Set forth below is the text of a comment that I recently posted to the discussion thread for one of my columns at the Value Walk site:
Investors overreacted to the banking crisis of 2008? Really?
Another joke of a column.
I wrote a full column explaining WHY I believe that investors overreacted, Sammy. You just engaged in put-downs.
If you don’t think that investors overreacted, why do you think prices moved so hard in the other direction in the following days? Did anything happen in the following days that could not have been anticipated all along as at least a reasonable possibility? I’m not able to point to anything shocking.
I acknowledge that things COULD have turned out much worse. I certainly don’t say that it was a lock that things would go as they did and that investors were thus being entirely irrational in assigning the prices they did. But, yes, I believe that, given the range of realistic possibilities, they overreacted and jumped to hasty and excessively negative conclusions that were then reversed in the following days.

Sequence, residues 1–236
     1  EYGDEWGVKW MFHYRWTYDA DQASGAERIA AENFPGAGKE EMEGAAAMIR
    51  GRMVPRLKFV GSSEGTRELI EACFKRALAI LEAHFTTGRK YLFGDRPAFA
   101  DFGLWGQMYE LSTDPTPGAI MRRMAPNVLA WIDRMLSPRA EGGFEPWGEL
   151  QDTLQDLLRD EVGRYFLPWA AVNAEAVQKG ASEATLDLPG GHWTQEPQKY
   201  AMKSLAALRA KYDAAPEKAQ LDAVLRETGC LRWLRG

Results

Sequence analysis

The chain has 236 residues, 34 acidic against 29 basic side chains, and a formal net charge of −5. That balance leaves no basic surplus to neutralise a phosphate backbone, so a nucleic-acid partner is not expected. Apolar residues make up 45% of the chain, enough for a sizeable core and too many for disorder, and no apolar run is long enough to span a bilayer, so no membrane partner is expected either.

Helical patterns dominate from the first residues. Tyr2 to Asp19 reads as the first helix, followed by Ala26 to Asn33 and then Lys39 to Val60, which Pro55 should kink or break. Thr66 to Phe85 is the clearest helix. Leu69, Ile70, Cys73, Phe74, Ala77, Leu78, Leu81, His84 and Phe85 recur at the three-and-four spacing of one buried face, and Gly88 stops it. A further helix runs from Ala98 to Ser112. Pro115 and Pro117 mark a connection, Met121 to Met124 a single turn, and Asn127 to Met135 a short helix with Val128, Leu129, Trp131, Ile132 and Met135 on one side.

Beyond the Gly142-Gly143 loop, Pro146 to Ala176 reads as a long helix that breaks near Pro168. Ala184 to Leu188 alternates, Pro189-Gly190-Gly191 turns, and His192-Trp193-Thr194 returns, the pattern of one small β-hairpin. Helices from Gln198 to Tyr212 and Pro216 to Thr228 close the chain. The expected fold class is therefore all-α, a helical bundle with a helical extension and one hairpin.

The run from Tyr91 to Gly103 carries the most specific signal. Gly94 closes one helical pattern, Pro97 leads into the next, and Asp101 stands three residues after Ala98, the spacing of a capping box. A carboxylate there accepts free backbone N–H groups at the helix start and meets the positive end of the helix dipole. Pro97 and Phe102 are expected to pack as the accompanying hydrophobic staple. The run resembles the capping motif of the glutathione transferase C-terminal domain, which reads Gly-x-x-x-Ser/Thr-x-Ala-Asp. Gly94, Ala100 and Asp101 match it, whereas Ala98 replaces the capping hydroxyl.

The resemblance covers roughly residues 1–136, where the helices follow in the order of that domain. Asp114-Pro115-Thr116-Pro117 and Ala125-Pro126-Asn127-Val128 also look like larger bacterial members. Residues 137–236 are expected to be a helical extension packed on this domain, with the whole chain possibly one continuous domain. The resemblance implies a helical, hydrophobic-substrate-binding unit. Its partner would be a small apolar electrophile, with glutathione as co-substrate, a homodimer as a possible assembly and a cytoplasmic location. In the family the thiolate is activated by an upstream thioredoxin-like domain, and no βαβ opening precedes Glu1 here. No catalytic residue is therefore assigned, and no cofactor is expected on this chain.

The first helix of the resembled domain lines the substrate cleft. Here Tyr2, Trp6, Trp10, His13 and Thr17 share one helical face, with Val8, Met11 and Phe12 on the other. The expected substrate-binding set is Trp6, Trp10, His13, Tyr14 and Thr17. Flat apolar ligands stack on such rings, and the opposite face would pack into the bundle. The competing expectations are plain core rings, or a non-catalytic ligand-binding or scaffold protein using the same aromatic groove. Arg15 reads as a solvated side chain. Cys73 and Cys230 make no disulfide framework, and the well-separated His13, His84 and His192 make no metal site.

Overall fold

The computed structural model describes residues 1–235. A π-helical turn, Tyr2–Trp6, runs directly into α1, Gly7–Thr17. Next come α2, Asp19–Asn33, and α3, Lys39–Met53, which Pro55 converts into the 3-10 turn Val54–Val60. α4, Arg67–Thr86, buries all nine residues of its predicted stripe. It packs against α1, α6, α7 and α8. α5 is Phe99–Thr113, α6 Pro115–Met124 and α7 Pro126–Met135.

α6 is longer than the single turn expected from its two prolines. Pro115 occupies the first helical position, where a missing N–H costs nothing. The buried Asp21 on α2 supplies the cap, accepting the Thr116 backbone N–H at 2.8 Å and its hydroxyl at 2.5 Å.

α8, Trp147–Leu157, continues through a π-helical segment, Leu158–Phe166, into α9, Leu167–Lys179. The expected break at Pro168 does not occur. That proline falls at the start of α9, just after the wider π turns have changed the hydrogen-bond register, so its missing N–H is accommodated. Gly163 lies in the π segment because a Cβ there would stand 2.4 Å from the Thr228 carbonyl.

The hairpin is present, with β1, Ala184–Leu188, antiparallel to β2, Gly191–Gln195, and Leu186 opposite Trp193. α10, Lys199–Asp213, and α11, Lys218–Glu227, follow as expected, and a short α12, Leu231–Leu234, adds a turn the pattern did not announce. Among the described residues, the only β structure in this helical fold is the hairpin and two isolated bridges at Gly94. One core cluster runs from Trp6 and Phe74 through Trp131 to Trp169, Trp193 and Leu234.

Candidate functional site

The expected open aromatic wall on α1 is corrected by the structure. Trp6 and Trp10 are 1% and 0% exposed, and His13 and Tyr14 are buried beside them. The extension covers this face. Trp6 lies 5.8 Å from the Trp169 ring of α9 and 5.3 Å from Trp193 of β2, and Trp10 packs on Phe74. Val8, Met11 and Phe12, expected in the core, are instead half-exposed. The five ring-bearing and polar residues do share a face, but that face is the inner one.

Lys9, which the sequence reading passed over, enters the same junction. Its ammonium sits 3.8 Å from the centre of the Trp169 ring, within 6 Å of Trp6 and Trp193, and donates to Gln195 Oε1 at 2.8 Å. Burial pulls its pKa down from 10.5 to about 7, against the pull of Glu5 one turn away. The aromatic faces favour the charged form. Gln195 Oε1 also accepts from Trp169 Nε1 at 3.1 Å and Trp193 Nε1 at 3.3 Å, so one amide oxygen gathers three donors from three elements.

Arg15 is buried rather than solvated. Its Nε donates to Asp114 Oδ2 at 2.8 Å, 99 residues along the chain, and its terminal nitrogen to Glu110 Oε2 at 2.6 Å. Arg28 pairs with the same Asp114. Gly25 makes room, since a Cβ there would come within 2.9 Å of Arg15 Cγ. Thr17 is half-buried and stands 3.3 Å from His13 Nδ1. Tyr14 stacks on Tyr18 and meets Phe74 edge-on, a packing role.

And of course I believe that investors continue to evidence emotion to this day. I intend no personal dig by saying this but I believe that your comment evidences emotion. I think that everyone who writes or advises about investing should be looking for this sort of thing all the time and commenting on it when they see it.
I believe that most of the experts in this field don’t do that because they don’t see it as a good way to turn a buck. If someone tells you that you are reacting emotionally, you are less inclined to like him and thus less inclined to buy from him. But you are also left less able to invest effectively.
We need to know the realities to achieve our financial goals. The experts who flatter us are salesmen, not true experts. A true expert is someone who tells you what you need to hear even when it is not what you want to hear.
And my best and warmest wishes to you and yours regardless of whether we ever come to agree on these investing issue or not.